Index 2022
103/ 180
Score : 56.41
Political indicator
Economic indicator
Legislative indicator
Social indicator
Security indicator
Index 2021
83/ 180
Score : 69.41
Indicators not available because the calculation method was changed in 2022

While editorial independence is threatened by partisan media regulation, the physical integrity of journalists is undermined by organized crime, the state’s failure to protect them and even by police violence. 

Media landscape

The most influential Albanian private media are owned by a handful of companies which have links to politicians and at the same time operate in highly regulated sectors such as construction. While there are hundreds of online media in the country, only a small minority has a sustainable business model with transparent funding. The dominant media include RTSH, Top Channel, Klan and RTV Ora. 

Political context

Journalists face political pressures which were exacerbated in 2021 by attempts to control information during the parliamentary elections and the Covid-19 pandemic. The political class threatens the independence of editorial offices through very politicized media regulation institutions and public media management. Journalists critical of the government face regular political attacks aiming to discredit them, and they have trouble accessing public information, which is at risk of further restrictions by a recent centralisation of government communication. 

Legal framework

Although Albania’s constitution and international legal commitments guarantee press freedom, protections for the confidentiality of sources are insufficient. Moreover, the so-called anti-defamation package, which would give the state disproportionate power over online media content and reinforce self-censorship, has still not been clearly taken off the political agenda, although its initial version has been slammed by Council of Europe, the European Union–which Albania wants to join–and by international press freedom organizations.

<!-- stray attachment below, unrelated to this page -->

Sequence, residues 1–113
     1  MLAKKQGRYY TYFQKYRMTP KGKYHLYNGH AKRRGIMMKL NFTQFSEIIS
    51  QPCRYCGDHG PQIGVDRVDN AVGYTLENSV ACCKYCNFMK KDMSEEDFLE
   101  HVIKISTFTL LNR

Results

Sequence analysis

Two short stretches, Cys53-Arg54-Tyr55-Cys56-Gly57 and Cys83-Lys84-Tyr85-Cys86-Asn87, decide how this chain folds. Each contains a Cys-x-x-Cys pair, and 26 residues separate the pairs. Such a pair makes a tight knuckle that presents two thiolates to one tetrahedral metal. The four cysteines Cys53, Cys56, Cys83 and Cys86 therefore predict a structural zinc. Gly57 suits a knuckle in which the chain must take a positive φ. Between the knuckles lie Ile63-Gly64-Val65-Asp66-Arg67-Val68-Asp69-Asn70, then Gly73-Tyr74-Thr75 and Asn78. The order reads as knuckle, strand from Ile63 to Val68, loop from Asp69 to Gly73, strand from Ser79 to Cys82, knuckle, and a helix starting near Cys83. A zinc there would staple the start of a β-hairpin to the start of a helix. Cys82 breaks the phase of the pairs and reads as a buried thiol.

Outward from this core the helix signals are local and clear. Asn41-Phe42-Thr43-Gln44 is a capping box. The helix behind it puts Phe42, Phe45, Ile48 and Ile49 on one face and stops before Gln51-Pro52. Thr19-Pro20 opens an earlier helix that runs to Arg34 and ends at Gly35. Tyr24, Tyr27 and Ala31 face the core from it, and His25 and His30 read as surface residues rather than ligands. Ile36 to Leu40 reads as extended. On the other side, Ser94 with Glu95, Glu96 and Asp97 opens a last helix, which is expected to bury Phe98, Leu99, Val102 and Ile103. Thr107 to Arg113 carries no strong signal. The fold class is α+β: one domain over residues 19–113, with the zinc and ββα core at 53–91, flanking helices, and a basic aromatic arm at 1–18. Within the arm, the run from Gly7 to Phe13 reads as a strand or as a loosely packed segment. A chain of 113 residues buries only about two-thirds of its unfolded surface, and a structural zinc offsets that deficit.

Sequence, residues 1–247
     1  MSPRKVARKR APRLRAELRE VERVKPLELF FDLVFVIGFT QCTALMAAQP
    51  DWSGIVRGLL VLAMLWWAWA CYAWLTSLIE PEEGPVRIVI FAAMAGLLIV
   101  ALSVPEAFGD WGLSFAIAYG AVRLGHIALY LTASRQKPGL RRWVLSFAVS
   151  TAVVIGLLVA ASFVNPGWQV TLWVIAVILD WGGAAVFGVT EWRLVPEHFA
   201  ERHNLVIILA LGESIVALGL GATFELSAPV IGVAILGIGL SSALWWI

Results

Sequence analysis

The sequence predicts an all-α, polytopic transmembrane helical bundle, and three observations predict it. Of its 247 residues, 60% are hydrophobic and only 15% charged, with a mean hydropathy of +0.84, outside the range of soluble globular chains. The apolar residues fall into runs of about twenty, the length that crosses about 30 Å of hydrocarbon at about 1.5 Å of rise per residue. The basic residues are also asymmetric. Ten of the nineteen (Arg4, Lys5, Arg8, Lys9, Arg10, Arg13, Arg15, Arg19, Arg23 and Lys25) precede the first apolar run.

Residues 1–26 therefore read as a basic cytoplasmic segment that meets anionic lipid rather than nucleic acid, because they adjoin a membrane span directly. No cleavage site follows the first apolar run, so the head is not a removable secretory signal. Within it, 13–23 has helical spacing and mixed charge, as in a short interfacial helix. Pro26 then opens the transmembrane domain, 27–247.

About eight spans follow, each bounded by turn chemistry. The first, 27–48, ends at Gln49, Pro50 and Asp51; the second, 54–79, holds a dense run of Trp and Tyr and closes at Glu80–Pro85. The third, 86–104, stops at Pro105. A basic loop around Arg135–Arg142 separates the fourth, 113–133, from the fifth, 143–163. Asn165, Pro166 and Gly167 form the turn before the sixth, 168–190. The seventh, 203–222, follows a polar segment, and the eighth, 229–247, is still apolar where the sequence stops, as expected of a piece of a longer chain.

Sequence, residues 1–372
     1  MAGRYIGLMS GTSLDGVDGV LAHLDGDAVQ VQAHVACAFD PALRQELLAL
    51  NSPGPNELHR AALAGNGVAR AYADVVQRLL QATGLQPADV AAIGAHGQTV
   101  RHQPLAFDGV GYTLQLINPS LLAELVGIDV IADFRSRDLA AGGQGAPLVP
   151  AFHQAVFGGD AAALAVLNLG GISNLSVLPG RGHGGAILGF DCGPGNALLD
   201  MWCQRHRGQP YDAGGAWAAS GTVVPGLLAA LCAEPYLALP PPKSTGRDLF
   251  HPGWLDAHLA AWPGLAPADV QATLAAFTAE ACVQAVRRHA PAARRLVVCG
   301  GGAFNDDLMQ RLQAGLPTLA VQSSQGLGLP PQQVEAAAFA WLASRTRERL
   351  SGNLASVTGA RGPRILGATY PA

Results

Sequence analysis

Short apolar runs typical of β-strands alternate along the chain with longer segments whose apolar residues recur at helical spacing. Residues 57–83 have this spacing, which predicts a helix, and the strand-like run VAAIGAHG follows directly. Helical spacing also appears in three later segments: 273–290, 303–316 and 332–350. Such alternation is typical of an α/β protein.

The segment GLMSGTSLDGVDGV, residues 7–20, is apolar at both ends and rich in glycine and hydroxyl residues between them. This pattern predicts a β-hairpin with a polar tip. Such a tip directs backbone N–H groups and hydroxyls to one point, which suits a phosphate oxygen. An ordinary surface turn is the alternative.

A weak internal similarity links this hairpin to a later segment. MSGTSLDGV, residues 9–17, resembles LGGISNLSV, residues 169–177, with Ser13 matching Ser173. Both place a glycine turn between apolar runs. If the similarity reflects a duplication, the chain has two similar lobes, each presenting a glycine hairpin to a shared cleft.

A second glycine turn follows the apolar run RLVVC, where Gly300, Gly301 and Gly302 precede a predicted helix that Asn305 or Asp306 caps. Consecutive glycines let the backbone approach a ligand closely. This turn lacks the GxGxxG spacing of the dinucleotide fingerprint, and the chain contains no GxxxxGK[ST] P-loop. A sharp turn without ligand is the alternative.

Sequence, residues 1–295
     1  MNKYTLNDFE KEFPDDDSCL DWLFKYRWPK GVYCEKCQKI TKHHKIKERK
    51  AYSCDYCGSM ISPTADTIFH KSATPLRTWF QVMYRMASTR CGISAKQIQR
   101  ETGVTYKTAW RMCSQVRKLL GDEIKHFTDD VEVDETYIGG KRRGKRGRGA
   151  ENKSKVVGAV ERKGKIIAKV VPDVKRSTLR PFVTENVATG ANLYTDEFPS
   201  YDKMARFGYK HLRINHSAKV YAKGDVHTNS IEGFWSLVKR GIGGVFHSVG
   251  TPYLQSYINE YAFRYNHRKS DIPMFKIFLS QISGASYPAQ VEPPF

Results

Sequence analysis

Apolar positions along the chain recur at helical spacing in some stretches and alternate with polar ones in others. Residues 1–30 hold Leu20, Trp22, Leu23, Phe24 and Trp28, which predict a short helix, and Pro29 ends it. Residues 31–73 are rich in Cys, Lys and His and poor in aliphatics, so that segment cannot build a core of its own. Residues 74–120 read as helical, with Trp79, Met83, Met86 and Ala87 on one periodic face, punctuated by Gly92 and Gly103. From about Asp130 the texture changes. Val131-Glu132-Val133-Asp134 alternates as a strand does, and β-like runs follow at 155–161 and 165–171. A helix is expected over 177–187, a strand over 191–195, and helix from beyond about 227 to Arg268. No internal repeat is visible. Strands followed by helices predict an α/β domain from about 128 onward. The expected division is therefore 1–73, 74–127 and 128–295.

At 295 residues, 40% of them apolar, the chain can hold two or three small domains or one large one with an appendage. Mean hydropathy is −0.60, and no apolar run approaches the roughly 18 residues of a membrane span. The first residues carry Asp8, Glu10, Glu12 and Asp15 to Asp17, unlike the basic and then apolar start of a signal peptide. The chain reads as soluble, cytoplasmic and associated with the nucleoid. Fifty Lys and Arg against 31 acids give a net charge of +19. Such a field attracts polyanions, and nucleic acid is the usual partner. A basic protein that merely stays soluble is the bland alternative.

Economic context

A major part of the Albanian media market is highly concentrated in the hands of four or five companies. Public funding represents a major revenue for media, but it is distributed in an opaque and discriminatory manner, which raises suspicions of influence trafficking. 

Sociocultural context

Media professionals investigating crime and corruption are especially threatened. Female journalists, who in fact make up most of the profession, face online harrasment and in some cases gender-based discrimination in editorial offices, an area which has nevertheless seen progress. Self-censorship is wide-spread. Despite this threat to their editorial independence, media outlets created a platform for ethical self-regulation, the first of its kind in Albania.


Organized criminal networks do not represent the only danger to the physical security of journalists. The impunity of crimes committed against journalists combined with political attempts to discredit them creates a climate of violence which may encourage new attacks against media professionals. In 2021, reporters covering protests and law enforcement operations suffered several acts of police violence.